PB110 – Power Board 12V 1,5A: this is the card we will use to power the system. The PB110 can be powered at 12V (we can, therefore, use a common wall adapter that provides that voltage level in output) and is able to provide power at 5V and 12V, for a total of 1.5A. The 12V output, in this case, is necessary to turn on the LED strip.

EB111 – Expansion Quad: Finally, to connect the various Mercury modules together, we will use a 4-slot expansion board, the EB111.

 

Fig. 4 shows the block diagram of the system hardware. The assembly of the system is very simple, just start with the EB111 and mount the BB110, PB110 and SB140 on the various slots it is equipped with. At this point, you can mount the MB310 modem board on the modem connector of the BB110, and the assembly is completed.

 

Fig. 4

 







The last operation to be performed is to set the SB140 slave board address to 1. Fig. 5 shows a picture of the complete assembly system.

 

Fig. 5

 

We can define this set, which we made by connecting the various Mercury modules described above, as a Moodlamp control board.

For the development of the application on the BB110 we will use the Mercury System Framework, in order to minimize the effort in the development of drivers and communication stacks and focus mainly on application logic. The development of the smartphone app can be done with various development environments, we decided to use MIT AppInventor, a completely online development tool that uses a graphical programming language very similar to Scratch for the development of Android applications.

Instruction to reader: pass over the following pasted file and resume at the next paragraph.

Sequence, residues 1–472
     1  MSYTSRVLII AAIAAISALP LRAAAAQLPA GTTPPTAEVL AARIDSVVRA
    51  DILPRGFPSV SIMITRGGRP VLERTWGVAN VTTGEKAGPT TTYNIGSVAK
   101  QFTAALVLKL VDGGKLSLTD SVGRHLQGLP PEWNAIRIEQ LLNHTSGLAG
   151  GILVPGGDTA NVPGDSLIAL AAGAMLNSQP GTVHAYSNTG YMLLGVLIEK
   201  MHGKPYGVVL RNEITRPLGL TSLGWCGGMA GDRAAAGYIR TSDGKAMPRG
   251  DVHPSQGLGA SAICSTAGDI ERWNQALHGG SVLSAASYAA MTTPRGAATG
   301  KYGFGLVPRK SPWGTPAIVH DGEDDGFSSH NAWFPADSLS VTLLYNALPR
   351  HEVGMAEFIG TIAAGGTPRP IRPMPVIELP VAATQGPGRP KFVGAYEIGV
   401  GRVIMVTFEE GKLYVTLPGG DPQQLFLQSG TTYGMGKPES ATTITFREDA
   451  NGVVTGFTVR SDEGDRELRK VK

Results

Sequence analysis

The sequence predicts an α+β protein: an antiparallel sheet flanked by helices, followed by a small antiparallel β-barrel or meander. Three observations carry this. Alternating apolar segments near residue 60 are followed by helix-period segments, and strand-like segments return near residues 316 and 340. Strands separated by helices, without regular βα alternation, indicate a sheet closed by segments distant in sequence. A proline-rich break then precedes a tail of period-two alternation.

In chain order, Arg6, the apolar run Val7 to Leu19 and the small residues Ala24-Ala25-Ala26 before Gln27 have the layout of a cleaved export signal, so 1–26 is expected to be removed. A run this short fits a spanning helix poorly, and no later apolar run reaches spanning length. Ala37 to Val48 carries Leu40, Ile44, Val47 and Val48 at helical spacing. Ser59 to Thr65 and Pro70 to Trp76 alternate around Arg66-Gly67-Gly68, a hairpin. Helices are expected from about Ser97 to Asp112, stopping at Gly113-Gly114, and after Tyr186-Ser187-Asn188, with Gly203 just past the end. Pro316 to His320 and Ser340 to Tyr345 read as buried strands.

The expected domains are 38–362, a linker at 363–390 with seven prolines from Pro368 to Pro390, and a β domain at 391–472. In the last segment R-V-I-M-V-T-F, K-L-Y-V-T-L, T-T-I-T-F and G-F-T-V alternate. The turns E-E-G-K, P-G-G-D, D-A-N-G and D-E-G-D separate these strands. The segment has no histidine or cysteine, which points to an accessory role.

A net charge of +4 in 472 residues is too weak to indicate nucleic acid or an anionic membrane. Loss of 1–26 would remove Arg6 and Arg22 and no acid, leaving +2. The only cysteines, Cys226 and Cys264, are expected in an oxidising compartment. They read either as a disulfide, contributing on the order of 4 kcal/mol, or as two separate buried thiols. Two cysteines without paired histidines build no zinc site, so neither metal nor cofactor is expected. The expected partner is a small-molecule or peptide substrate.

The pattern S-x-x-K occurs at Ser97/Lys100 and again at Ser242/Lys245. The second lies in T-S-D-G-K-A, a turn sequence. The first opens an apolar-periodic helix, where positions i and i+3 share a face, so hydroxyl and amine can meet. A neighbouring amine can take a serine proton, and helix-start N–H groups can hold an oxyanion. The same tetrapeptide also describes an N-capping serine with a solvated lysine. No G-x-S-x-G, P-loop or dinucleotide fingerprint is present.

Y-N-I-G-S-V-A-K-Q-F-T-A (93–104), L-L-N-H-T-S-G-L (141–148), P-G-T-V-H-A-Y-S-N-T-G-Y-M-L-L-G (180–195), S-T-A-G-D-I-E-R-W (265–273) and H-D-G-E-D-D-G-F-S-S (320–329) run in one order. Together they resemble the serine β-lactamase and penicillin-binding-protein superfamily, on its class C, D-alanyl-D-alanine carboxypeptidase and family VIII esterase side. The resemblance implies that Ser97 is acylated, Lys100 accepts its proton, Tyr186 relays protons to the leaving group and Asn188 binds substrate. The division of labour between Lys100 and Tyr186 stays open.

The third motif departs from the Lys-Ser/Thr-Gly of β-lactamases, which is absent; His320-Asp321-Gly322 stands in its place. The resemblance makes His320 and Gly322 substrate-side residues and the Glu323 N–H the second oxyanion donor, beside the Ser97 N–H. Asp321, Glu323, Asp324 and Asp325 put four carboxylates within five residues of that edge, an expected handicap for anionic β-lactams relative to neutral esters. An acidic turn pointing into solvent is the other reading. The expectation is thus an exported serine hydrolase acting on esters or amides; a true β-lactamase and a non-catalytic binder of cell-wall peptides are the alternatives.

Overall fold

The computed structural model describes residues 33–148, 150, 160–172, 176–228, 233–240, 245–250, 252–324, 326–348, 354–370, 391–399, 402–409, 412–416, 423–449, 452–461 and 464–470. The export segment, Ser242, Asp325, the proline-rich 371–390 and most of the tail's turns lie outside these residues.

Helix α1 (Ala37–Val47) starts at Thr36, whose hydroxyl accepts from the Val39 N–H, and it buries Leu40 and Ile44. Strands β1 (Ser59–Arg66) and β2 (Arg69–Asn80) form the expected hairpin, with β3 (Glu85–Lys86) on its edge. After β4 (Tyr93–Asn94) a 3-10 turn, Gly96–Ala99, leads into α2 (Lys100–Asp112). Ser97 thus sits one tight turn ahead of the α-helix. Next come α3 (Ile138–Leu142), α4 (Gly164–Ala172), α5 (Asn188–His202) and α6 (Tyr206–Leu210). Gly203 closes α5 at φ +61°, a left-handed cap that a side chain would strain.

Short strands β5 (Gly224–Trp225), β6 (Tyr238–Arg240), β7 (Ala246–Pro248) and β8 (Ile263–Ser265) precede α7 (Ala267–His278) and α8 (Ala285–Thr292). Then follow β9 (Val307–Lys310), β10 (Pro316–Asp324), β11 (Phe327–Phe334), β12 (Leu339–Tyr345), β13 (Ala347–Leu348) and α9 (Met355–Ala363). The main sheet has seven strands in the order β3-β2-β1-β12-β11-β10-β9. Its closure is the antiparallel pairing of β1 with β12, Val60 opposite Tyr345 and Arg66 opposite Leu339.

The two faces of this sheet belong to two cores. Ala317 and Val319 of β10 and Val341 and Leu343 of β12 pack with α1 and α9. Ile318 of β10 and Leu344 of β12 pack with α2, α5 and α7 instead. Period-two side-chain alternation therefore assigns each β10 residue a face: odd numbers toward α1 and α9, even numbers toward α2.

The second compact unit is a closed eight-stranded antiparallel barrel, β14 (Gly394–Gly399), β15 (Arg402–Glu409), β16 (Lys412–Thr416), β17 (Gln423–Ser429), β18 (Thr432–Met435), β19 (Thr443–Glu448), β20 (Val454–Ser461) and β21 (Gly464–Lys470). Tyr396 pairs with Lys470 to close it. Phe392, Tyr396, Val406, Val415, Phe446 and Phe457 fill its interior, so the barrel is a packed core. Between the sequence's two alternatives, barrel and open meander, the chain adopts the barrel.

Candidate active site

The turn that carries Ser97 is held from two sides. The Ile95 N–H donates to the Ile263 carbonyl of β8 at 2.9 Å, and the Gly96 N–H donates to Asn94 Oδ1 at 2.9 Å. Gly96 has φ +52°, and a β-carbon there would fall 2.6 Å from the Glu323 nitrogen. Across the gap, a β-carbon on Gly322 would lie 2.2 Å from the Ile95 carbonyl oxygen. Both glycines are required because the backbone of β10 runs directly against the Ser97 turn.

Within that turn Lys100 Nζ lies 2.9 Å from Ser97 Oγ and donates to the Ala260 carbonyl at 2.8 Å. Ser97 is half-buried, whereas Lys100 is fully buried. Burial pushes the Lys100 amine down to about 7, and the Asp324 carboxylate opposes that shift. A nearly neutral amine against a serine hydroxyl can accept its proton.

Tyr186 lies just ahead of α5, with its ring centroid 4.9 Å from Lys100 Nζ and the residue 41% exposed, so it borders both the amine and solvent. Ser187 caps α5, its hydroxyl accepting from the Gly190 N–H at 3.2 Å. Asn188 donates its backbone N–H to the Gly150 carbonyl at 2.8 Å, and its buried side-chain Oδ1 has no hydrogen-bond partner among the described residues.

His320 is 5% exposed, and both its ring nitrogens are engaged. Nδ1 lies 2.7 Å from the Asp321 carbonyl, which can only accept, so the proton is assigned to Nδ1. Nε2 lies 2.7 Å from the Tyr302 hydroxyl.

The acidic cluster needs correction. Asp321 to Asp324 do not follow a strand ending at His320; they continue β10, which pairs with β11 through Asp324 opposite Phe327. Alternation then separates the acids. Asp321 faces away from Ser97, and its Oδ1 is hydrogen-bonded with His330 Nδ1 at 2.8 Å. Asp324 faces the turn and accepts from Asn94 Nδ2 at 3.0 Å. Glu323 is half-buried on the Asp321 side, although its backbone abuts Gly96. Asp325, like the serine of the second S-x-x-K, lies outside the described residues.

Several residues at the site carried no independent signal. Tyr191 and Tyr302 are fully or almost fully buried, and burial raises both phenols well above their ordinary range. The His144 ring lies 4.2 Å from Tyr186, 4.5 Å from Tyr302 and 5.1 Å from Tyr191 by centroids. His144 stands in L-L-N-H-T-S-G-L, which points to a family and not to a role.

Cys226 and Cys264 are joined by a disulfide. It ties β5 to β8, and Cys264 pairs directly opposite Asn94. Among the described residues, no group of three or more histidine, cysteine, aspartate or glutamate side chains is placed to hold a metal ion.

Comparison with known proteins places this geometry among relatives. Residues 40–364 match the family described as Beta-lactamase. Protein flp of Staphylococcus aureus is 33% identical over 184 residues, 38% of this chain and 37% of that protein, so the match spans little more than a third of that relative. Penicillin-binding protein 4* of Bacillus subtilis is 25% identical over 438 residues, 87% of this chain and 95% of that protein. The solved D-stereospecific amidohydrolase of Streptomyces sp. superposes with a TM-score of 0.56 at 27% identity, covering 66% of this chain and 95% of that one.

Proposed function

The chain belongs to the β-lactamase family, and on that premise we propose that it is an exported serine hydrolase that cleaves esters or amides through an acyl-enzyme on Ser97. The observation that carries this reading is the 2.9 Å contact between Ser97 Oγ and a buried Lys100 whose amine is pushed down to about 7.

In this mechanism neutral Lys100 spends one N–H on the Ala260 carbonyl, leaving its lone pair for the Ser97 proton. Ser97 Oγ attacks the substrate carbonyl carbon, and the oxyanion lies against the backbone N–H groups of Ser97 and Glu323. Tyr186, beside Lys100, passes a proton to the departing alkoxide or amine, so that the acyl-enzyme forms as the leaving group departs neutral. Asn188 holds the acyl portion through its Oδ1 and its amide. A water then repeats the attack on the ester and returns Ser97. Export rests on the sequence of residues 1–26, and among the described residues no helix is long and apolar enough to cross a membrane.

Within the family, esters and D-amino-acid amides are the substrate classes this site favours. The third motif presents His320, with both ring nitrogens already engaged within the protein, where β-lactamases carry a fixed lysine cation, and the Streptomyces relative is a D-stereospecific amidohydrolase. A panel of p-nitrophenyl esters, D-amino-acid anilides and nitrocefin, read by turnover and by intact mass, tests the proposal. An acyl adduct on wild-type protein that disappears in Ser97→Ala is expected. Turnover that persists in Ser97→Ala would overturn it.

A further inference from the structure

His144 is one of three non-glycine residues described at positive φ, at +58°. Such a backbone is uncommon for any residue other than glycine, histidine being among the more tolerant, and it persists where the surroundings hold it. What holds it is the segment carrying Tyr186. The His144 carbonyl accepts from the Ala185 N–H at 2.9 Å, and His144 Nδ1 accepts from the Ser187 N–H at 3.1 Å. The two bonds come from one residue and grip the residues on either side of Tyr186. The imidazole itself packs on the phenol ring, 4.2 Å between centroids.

Protocol of communication

Before moving on to a detailed description of the SW, we dedicate a few lines to the description of the communication protocol used to control the embedded part from our smartphone. As mentioned in the previous sections, for the communication we will use a BT channel, using the Mercury MB310 modem. This card encapsulates inside it a BT HC-05 module, which implements the BT SPP (Serial Port Profile). The use of this profile simplifies a lot the management of the communication because on the side of the BB110 it’s about managing simple ASCII strings.

Although the complexity is reduced, it is still necessary to define a simple communication protocol to allow simple management of the LED strip. Our Moodlamp will manage the switching on of three LED strips, one red, one green and one blue, through three channels of the SB140 (High Side Driver), so we will have to provide the commands at the protocol level for the switching on and off of each of these strips. We also want to provide a command for the setting of power on sequences that allow us to create lighting effects.

To make it as simple as possible we decided to implement a simple ASCII protocol based on groups of functionalities identified by a letter, followed by a control character (‘:’). In addition to the function group and the control character, there are two additional bytes to set the desired function. Table 1 summarizes the functionalities implemented for each group.

The protocol is deliberately simple and expandable so that it is possible for the user to further expand the moodlamp functionality, for example by adding additional coloured strips or new power-up sequences.